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The Global Currencies Conundrum

Edited By John Ryan

This book discusses the emergence of a multi-polar currency system. With the US Dollar’s hegemony as global reserve currency in question, it examines the role of the Federal Reserve in its decline, the emergence of the Euro in a multi-polar currency system and the Chinese influence in this most important policy arena. China’s concerns about its US Dollar reserves are being amplified by the low returns of some of its investments in the United States. Today’s reserve currency system effectively results in China lending to the US at very low interest rates.
China needs to diversify out of the Dollar and it is this monetary policy that will fundamentally change the global currency scenario. China has been supportive of the Euro since its creation and is also lending support to the IMF’s special drawing rights. At the same time, Chinese policy targets the internationalisation of the Renminbi and with that the creation of a multi-polar monetary order.
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This book discusses the emergence of a multi-polar currency system.

The first chapter examines the implications of the creation of the Euro and its role as a global currency in today’s multi-polar system of reserve currencies. In ‘Currency Wars’ Between the US and China: Has Europe Enough Monetary Power to Act as a Broker?, Professor Otero-Iglesias discusses the role of the single currency not only as a reserve currency in a multi-polar system, but also as a real contender against the US Dollar’s hegemony. Professor Otero-Iglesias discerns where the Eurozone stands within the current framework of increased ‘currency wars’ between the US and China, and whether it is able and willing to change the current International Monetary System to a more coordinated and managed exchange rate regime, as repeatedly stated. Professor Otero-Iglesias argues that the Eurozone has made certain progress in preference-shaping and agenda-setting, but not in decision-making which is still cumbersome. France, for instance, has certainly made some efforts, with the support of China, to start the debate on the transformation of the current Flexible-Dollar-Standard. However, by not being politically united, the Eurozone precludes any possibility to force the US to enter into a compromise and relinquish the ‘exorbitant privilege’ that the centrality of the Dollar offers them.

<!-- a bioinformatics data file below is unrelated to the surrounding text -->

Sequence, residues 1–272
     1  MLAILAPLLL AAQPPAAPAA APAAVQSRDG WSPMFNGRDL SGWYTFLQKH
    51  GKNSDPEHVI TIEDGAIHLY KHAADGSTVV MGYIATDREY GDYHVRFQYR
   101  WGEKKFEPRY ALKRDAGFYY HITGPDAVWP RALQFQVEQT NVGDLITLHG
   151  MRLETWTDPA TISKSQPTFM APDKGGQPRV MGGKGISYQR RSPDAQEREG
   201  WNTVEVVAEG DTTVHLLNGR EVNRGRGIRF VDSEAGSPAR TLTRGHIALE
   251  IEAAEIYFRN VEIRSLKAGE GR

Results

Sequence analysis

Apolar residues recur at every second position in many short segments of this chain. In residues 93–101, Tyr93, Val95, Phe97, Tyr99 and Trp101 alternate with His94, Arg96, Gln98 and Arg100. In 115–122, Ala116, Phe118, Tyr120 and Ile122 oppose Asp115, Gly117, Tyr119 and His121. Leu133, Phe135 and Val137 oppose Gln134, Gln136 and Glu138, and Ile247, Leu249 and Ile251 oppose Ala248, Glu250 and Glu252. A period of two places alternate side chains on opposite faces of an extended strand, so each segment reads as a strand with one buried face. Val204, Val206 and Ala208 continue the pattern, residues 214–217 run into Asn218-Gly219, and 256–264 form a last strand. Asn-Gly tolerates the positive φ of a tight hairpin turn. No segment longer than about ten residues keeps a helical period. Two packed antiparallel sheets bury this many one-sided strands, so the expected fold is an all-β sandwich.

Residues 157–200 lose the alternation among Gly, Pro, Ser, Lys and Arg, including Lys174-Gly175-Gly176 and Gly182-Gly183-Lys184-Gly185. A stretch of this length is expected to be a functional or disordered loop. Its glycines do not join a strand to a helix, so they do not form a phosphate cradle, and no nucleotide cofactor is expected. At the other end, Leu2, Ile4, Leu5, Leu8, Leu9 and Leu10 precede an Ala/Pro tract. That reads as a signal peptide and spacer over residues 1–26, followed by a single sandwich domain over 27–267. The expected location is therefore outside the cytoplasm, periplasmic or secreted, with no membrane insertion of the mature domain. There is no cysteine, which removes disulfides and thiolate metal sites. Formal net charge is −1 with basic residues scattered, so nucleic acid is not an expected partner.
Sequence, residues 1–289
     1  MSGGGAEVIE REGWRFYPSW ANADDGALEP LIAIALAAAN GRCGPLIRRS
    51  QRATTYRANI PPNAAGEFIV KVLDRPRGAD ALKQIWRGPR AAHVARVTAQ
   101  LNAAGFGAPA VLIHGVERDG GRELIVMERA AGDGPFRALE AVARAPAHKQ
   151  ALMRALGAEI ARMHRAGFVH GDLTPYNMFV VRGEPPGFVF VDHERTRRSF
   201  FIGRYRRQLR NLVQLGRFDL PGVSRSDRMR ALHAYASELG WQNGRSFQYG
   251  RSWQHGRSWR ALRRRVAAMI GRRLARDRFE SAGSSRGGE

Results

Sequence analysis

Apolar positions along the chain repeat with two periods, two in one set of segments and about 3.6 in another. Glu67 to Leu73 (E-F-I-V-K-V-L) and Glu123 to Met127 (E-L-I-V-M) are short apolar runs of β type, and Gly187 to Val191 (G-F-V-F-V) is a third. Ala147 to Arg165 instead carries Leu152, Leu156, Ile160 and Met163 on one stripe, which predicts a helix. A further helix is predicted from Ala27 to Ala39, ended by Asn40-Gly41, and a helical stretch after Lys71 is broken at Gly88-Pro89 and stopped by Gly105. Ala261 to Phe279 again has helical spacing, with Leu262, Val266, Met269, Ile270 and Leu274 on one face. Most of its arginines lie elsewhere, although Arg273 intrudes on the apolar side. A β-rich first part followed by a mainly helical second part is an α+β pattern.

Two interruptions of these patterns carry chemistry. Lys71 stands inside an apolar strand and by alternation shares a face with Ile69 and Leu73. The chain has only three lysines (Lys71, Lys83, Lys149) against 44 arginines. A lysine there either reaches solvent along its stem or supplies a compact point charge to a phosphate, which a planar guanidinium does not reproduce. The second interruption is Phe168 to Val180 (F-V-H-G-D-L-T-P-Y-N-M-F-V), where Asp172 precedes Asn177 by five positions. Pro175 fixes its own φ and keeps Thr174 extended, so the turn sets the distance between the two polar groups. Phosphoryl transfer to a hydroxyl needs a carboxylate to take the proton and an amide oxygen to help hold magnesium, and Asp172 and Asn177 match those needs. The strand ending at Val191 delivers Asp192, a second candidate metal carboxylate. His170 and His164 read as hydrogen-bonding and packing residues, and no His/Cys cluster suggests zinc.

The second chapter examines The Role of the Euro as a Global Currency after the 2008 crisis. Professor Rinaldi investigates to what extent the 2008 crisis and its follow up has undermined the Euro’s emerging...

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